Posted by: rocketbride | January 23, 2013

scandal

elmo!

I was so relieved when Kevin Clash’s first accuser recanted his story. It was a tense 24-hours in our house: not only do we have little ones who are hooked on the sweet learning found on Sesame Street, but my husband and I read Street Gang last year, which is an excellent history of Sesame Street from lefty do-gooder conception to mid-life crisis when they tried to copy the hugely successful “Barney’s World”. We followed up this intense primer on the creative explosion behind Sesame Street with books like Jim Henson: the works and the documentary Being Elmo, which explores Kevin’s journey from working class kid in a black neighbourhood to the biggest puppeteer star of our time. We loved Elmo. We wanted to keep something pure and lovely.

But someone else came forward, and the recanter said he’d been telling the truth the first time. Kevin Clash resigned. We were left with an ugly cloud of sniggering jokes on Facebook, thought up and passed along by adults who think it’s funny to smear the ideas of childhood with smut and violence.

There is no one correct way to react to a scandal that hits a public person. Some of us care deeply about the issues raised, and refuse to see past the scandal to the person’s works: my mother is done with Woody Allen movies because the idea of an inappropriate relationship with a stepdaughter revolts her. The first time I saw Finding Neverland, the story of J.M. Barrie and the Llewellyn Davies family, I remember enthusing about it to a colleague, who dismissed my praise. “I could never see it, because I heard he interfered with those boys.” Whether that’s true or not, the scandal blocks the work for her. (It’s not true, by the way: these claims were refuted emphatically by the boys themselves. Peter Pan, at least, is safe.)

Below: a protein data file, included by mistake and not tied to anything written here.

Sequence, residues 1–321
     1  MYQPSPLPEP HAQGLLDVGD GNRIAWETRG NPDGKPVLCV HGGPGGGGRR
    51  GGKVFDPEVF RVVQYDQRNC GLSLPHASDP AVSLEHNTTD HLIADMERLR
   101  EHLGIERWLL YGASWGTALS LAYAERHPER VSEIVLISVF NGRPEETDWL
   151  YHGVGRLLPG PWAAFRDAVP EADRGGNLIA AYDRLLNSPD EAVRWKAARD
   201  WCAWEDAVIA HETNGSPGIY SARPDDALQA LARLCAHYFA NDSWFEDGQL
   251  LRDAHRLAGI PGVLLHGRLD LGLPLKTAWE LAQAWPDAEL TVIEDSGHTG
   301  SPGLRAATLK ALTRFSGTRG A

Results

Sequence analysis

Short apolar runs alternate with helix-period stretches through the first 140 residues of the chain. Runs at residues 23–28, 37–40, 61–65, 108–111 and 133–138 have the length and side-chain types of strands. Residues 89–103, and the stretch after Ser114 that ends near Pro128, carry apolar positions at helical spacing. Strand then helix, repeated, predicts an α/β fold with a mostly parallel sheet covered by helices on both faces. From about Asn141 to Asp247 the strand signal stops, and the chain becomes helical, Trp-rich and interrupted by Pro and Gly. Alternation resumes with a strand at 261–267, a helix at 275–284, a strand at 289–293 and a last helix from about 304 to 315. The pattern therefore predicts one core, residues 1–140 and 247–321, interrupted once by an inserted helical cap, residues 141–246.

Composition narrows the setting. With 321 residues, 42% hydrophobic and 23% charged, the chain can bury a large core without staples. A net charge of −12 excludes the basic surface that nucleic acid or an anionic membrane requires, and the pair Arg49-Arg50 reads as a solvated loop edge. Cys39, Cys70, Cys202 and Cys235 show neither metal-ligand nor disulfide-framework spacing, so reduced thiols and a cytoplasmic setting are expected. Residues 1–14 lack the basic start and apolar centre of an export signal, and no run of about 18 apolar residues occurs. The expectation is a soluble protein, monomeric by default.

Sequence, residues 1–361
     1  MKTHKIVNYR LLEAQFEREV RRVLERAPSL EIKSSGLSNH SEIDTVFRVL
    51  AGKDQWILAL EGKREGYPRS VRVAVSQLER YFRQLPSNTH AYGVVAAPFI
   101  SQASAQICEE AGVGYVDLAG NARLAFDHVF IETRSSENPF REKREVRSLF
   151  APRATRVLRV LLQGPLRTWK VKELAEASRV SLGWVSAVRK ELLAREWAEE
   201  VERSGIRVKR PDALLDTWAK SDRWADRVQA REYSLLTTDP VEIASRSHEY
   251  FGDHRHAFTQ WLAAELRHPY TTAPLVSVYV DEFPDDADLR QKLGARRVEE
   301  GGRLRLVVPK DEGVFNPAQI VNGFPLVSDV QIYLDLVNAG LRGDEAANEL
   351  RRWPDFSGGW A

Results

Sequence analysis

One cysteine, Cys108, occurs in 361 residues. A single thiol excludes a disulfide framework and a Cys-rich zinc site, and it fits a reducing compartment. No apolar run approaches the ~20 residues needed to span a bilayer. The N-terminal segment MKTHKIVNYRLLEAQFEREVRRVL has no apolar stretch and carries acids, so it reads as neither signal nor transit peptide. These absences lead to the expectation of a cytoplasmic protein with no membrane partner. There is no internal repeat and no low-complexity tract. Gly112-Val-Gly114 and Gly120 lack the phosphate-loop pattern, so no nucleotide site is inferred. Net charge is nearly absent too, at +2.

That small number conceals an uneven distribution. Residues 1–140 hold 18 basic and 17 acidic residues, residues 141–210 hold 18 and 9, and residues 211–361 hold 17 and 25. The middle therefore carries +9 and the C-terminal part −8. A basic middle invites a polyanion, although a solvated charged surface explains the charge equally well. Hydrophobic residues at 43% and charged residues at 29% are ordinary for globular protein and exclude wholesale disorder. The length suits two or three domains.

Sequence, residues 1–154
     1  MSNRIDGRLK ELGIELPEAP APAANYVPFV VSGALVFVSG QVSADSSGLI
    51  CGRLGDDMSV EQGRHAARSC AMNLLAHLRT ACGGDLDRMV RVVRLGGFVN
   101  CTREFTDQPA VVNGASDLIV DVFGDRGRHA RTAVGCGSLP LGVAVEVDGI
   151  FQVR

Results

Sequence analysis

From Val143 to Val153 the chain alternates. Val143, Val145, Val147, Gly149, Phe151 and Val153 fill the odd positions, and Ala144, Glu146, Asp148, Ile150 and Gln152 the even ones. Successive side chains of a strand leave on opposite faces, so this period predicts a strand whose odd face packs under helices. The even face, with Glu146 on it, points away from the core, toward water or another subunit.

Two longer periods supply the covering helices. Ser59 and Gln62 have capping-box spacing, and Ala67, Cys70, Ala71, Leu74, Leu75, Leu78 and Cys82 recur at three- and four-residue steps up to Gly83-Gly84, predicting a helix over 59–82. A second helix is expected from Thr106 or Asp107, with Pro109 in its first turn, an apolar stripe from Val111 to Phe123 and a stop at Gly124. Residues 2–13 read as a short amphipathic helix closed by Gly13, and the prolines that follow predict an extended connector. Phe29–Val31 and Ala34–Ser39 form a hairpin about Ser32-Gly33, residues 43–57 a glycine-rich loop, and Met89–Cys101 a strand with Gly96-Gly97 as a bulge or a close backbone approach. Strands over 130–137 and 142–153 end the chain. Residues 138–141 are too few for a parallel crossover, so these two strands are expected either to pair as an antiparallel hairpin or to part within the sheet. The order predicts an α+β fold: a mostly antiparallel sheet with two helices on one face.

As parents, we feel a clear duty to protect our children from bad influences. We feed them healthy food. We dress them warmly when the weather gets frosty, and lightly when it gets warm again. We keep them away from bullies on the playground, we protect their ideas about Santa, and some of us take them to churches and temples. But we all realize that there is a point at which we have to stop being a barrier to harmful influences and become a mediator between the outside world and our precious child.

What will we tell our children about Kevin Clash? What will we tell them about Lance Armstrong? Is there room for compassion for a fallen cycling idol, or do we just condemn him as a cheater for fear that our children will think it’s ok to dope?

Real life is messy. We may know exactly what to feed our kids for optimal nutrition, but our cultural diet will always be shifting, and we need to make up our own minds instead of letting the media or other parents tell us what to think, and tell us what to tell our own kids.

rocket

Aleta Fera cautiously introduced Peewee Herman to her kids last Christmas and is letting her daughter hang on to her Elmo doll. She writes about her scandalous family at Further Adventures of Rocketbride.

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